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Evaluation of interobserver agreement for postoperative pain and sedation assessment in cats

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  • 1 Department of Clinical Sciences, Faculty of Veterinary Medicine, University of Montreal, Saint-Hyacinthe, QC J2S 2M2, Canada.
  • | 2 Department of Veterinary Biomedicine, Faculty of Veterinary Medicine, University of Montreal, Saint-Hyacinthe, QC J2S 2M2, Canada.
  • | 3 Department of Office of the Associate Dean for Research and Graduate Studies, Faculty of Veterinary Medicine, University of Montreal, Saint-Hyacinthe, QC J2S 2M2, Canada.
  • | 4 Comparative Pain Research Laboratory & Center for Comparative Medicine and Translational Research, College of Veterinary Medicine, University of North Carolina, Raleigh, NC 27606.
  • | 5 Center for Pain Research and Innovation, University of North Carolina, Chapel Hill, NC 27599.
  • | 6 Department of Clinical Sciences, Faculty of Veterinary Medicine, University of Montreal, Saint-Hyacinthe, QC J2S 2M2, Canada.

Abstract

OBJECTIVE To evaluate agreement between observers with different training and experience for assessment of postoperative pain and sedation in cats by use of a dynamic and interactive visual analog scale (DIVAS) and for assessment of postoperative pain in the same cats with a multidimensional composite pain scale (MCPS).

DESIGN Randomized, controlled, blinded study.

ANIMALS 45 adult cats undergoing ovariohysterectomy.

PROCEDURES Cats received 1 of 3 preoperative treatments: bupivacaine, IP; meloxicam, SC with saline (0.9% NaCl) solution, IP, (positive control); or saline solution only, IP (negative control). All cats received premedication with buprenorphine prior to general anesthesia. An experienced observer (observer 1; male; native language, Spanish) used scales in English, and an inexperienced observer (observer 2; female; native language, French) used scales in French to assess signs of sedation and pain. Rescue analgesia was administered according to MCPS scoring by observer 1. Mean pain and sedation scores per treatment and time point, proportions of cats in each group with MCPS scores necessitating rescue analgesia, and mean MCPS scores assigned at the time of rescue analgesia were compared between observers. Agreement was assessed by intraclass correlation coefficient determination. Percentage disagreement between observers on the need for rescue analgesia was calculated.

RESULTS Interobserver agreements for pain scores were good, and that for sedation scores was fair. On the basis of observer 1's MCPS scores, a greater proportion of cats in the negative control group received rescue analgesia than in the bupivacaine or positive control groups. Scores from observer 2 indicated a greater proportion of cats in the negative control group than in the positive control group required rescue analgesia but identified no significant difference between the negative control and bupivacaine groups for this variable. Overall, disagreement regarding need for rescue analgesia was identified for 22 of 360 (6.1%) paired observations.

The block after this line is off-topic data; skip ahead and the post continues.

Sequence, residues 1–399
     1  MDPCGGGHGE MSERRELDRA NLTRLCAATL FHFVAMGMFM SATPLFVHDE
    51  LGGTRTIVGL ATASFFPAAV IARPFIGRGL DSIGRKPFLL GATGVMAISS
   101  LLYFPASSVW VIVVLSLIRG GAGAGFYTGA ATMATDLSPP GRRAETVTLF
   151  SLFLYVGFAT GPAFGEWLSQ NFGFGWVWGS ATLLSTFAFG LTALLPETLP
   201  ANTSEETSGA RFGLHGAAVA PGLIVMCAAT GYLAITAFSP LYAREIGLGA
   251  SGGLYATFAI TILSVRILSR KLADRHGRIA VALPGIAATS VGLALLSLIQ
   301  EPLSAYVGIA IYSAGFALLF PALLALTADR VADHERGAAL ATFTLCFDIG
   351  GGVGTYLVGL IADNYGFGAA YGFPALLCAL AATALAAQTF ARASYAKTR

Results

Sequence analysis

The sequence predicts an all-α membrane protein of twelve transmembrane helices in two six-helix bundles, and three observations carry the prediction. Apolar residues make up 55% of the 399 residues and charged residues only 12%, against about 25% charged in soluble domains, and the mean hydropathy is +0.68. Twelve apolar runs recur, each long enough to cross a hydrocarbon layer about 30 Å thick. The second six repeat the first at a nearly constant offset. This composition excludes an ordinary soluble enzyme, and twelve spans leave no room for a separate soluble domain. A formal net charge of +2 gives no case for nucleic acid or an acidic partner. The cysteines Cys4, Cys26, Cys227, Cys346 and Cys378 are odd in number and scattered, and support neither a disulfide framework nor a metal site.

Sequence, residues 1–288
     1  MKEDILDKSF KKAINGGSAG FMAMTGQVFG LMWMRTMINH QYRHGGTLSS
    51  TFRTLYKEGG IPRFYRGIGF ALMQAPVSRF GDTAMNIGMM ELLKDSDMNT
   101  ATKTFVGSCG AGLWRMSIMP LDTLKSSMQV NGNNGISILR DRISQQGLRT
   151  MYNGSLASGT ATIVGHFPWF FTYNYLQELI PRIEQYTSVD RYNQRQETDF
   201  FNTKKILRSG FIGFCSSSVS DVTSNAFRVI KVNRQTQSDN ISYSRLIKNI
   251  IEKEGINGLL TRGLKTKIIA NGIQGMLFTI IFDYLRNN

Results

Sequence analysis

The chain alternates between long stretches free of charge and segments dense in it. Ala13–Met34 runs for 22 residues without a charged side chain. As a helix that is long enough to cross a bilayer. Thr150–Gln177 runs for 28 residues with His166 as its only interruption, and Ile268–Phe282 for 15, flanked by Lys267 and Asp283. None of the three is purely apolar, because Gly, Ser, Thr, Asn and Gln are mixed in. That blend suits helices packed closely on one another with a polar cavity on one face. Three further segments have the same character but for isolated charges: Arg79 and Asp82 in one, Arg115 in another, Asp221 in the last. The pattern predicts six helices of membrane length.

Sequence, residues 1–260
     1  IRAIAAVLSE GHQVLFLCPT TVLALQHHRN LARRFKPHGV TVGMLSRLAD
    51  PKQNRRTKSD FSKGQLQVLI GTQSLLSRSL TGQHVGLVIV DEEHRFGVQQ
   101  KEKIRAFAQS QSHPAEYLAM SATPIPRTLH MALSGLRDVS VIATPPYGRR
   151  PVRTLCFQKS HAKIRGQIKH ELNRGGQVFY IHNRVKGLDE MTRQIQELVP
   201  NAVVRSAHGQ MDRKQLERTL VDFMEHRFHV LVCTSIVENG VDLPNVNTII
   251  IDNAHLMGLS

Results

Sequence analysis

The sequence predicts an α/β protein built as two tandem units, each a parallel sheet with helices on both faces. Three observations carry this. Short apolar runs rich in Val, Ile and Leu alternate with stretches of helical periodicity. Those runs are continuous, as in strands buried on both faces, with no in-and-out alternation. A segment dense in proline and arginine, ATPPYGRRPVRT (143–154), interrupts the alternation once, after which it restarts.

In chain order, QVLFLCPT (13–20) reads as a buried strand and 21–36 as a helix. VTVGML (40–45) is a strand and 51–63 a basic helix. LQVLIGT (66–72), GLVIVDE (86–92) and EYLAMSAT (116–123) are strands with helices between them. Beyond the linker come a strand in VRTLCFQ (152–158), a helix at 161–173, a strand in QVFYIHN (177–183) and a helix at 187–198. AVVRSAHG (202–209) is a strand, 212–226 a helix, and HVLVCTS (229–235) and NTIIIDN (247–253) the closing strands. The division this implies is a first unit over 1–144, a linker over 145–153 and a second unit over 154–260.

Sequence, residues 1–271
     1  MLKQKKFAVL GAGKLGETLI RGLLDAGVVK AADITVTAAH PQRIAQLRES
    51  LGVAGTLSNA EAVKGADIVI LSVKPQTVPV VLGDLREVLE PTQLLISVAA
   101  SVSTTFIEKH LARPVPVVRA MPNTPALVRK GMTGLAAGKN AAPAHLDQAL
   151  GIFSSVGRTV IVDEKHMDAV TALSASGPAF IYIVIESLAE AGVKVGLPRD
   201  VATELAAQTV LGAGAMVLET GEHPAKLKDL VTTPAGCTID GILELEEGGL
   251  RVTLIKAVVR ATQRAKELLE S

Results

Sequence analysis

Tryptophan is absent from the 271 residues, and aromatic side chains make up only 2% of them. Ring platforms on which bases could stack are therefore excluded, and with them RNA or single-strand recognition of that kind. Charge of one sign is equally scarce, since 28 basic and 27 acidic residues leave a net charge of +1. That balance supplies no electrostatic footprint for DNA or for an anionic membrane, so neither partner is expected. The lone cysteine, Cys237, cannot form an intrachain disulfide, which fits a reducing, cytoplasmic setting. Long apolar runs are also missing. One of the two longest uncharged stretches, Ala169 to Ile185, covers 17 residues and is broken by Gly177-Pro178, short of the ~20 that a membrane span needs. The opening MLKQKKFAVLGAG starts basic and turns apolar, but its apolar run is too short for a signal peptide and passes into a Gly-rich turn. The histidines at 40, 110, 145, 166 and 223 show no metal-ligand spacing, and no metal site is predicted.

CONCLUSIONS AND CLINICAL RELEVANCE Interobserver differences in assessing pain can lead to different conclusions regarding treatment effectiveness.

Abstract

OBJECTIVE To evaluate agreement between observers with different training and experience for assessment of postoperative pain and sedation in cats by use of a dynamic and interactive visual analog scale (DIVAS) and for assessment of postoperative pain in the same cats with a multidimensional composite pain scale (MCPS).

DESIGN Randomized, controlled, blinded study.

ANIMALS 45 adult cats undergoing ovariohysterectomy.

PROCEDURES Cats received 1 of 3 preoperative treatments: bupivacaine, IP; meloxicam, SC with saline (0.9% NaCl) solution, IP, (positive control); or saline solution only, IP (negative control). All cats received premedication with buprenorphine prior to general anesthesia. An experienced observer (observer 1; male; native language, Spanish) used scales in English, and an inexperienced observer (observer 2; female; native language, French) used scales in French to assess signs of sedation and pain. Rescue analgesia was administered according to MCPS scoring by observer 1. Mean pain and sedation scores per treatment and time point, proportions of cats in each group with MCPS scores necessitating rescue analgesia, and mean MCPS scores assigned at the time of rescue analgesia were compared between observers. Agreement was assessed by intraclass correlation coefficient determination. Percentage disagreement between observers on the need for rescue analgesia was calculated.

RESULTS Interobserver agreements for pain scores were good, and that for sedation scores was fair. On the basis of observer 1's MCPS scores, a greater proportion of cats in the negative control group received rescue analgesia than in the bupivacaine or positive control groups. Scores from observer 2 indicated a greater proportion of cats in the negative control group than in the positive control group required rescue analgesia but identified no significant difference between the negative control and bupivacaine groups for this variable. Overall, disagreement regarding need for rescue analgesia was identified for 22 of 360 (6.1%) paired observations.

CONCLUSIONS AND CLINICAL RELEVANCE Interobserver differences in assessing pain can lead to different conclusions regarding treatment effectiveness.

Contributor Notes

Address correspondence to Dr. Benito (benedictusviper@hotmail.com).